Beautiful sunrises and sunsets are a pretty common occurrence on the Colorado Front Range. Every now and then though, Mother Nature gives the scene an extra ‘kick’ to make it that much more awesome. Such was the case on this evening last week when not only were the colors and formation stunning, there was a hint of iridescence at the edges. I do wish I had a clear view of the horizon but pics above look awesome anyway. Taken in Thornton, Colorado.
Winter in Colorado brings some amazing sunsets and last night proved to be a case in point. Fast moving jet stream winds this time of year create mountain wave clouds and lenticular clouds that are in and of themselves fun to see. Throw in unearthly colors as the day comes to a close and you have the makeup for spectacular scenes.
Unfortunately, living in suburbia, I don’t have a good, clear shot of the western horizon and didn’t have time to run somewhere that provided a better view of the overall scene. However, tightly zoomed in pictures show the intricate details and the amazing forms and colors of the clouds.
To say the show in the sky yesterday evening was amazing doesn’t do it justice. While a beautiful sunset unfolded to the west, my eye was drawn to the north where these fantastic lenticular clouds had formed. The glow from the sunset bathed them in orange and when set against the brilliant, blue Colorado sky… Well, it was magical!
Also known by their scientific name of altocumulus standing lenticularis, these clouds are not entirely unusual in Colorado on the Front Range during the winter. Strong jet winds force moist air to be pushed up by the rugged terrain of the adjacent Rocky Mountains. This creates a wave-like pattern of air flow that condenses at high altitudes (usually around 20,000 feet).
Many will say the Great Plains lack excitement on the scenery front but I tend to think those naysayers just don’t spend enough time out there or look very hard. There is beauty to be found and you don’t have to look far or be out there long to find it.
Such was the case a week ago when yet another amazing sunset closed out a gorgeous day in Morgan County. The colors started out orange but soon red arrived and the further sun went down, the deeper blue the Centennial State’s skies became as night encroached.
Scenes like this are commonplace in the wide open spaces – you just have to open your eyes.
A different kind of shot but pretty cool I think. Taken on September 26, 2014 in Estes Park, Colorado. The sky was ablaze in orange, red and pink from the setting sun and no matter which direction you looked, it was amazing. This was actually taken pointing northeast as the sun illuminated a spot of cirrus clouds. The bent pine tree and rocks helped to frame it nicely.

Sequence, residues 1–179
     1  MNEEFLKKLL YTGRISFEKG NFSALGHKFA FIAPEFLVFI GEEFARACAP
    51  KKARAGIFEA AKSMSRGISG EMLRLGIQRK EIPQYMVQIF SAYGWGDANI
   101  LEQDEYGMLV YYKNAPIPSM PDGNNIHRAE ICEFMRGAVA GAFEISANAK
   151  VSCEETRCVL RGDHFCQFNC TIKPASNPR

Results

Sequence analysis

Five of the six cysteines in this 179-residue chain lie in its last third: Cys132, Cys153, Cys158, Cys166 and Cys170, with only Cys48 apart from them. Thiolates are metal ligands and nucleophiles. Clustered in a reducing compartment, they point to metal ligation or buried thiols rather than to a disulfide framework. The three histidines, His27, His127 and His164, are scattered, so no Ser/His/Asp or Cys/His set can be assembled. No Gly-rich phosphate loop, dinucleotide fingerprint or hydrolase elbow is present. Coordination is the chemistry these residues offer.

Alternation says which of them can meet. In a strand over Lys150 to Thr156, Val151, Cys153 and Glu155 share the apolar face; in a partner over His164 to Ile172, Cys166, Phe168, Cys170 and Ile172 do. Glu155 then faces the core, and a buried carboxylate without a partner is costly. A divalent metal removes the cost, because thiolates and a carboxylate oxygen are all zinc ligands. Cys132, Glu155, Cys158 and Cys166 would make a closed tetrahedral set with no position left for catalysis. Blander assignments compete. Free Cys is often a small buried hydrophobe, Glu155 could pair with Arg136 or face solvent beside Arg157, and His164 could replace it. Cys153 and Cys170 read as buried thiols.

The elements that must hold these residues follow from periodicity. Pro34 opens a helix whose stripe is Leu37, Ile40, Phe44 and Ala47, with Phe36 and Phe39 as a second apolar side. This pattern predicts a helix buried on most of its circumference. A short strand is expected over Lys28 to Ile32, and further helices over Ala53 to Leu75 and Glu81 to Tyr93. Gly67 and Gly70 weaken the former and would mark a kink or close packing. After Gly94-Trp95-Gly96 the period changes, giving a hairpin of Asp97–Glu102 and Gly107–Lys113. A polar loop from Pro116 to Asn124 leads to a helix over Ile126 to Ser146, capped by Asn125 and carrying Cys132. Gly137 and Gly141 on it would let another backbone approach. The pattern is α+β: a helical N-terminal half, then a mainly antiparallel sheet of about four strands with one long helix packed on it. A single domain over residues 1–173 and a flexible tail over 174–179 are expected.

This image was taken this past Friday in Pike National Forest as #sunset approached. The sky was ablaze in orange and while the dense forest blocked a clear view of the horizon, it still made for a pretty good shot.
This is one from back in April that I don’t think I ever shared. Taken at a pond in Broomfield on a mild evening. As I reveled in the sunset, it almost seemed like the heron on its nest was doing the same.
Thunderstorms moved through the Denver area yesterday afternoon and evening leading to some dramatic skies above. This is my first attempt at an HDR (High Dynamic Range) image.
The technique uses three or more images, all of different exposures, put together to achieve a higher range of luminosity than what could be accomplished with a single one.
Sunsets on the Great Plains are oftentimes exercises in amazement. The color of the dark, blue skies above coupled with the oranges, pinks and reds near the horizon provide for stunning viewing. On this particular evening, Mother Nature put on quite a colorful show not only looking west as seen here, but in just about every direction. Truly beautiful.
This image, ‘wild light’, was taken at sunset near Loveland, Colorado. As always the colors were absolutely stunning as the sun went down behind the Rocky Mountains.
What is equally cool is the clouds – notice their iridescence.
Cloud iridescence is caused by clouds (usually cirrus clouds like these) that have small water droplets or ice crystals in them causing the light to be diffracted, or spread out. The phenomena is much like the rainbow colors seen with oil in water.